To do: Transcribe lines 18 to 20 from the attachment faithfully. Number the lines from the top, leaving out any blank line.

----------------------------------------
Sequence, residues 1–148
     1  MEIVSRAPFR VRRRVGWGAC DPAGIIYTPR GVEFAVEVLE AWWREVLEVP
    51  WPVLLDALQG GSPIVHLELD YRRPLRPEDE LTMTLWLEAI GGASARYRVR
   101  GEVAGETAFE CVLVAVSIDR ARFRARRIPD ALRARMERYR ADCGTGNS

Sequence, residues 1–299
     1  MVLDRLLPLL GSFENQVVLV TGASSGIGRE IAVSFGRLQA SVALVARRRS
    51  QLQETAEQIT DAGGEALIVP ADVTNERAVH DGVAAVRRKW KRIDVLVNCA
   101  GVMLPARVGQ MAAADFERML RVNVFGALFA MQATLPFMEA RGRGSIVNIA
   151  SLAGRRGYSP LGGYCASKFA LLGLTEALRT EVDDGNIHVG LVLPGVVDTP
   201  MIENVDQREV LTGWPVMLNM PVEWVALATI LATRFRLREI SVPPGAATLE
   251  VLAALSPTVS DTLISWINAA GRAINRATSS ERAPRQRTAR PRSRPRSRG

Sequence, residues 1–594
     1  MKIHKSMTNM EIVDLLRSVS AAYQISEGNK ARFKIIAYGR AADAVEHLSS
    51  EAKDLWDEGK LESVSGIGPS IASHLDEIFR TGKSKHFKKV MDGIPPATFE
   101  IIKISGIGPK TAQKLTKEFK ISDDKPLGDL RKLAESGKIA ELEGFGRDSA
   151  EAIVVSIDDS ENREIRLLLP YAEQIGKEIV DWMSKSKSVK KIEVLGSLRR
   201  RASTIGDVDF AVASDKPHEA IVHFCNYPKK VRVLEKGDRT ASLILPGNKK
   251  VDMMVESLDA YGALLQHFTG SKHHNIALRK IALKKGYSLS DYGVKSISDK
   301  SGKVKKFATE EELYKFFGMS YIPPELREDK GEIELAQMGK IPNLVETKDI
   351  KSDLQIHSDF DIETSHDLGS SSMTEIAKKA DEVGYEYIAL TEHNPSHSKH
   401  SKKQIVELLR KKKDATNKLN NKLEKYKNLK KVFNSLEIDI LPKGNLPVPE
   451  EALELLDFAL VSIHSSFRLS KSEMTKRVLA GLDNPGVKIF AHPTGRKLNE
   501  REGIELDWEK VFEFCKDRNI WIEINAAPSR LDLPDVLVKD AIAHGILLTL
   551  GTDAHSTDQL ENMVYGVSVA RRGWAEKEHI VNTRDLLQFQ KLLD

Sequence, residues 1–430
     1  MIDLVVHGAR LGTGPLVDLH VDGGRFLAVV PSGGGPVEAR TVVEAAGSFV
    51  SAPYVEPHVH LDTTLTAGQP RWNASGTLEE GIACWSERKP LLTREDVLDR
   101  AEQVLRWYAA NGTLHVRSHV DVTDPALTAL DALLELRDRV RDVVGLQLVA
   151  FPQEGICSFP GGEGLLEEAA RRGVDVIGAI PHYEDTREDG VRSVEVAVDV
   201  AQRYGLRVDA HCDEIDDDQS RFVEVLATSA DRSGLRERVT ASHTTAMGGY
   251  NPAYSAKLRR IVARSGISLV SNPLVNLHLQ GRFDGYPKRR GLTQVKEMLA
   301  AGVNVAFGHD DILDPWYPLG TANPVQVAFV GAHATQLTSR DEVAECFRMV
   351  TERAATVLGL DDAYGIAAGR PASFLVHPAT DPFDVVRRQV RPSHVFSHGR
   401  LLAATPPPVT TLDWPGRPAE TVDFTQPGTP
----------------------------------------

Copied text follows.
   251  VDMMVESLDA YGALLQHFTG SKHHNIALRK IALKKGYSLS DYGVKSISDK
   301  SGKVKKFATE EELYKFFGMS YIPPELREDK GEIELAQMGK IPNLVETKDI
   351  KSDLQIHSDF DIETSHDLGS SSMTEIAKKA DEVGYEYIAL TEHNPSHSKH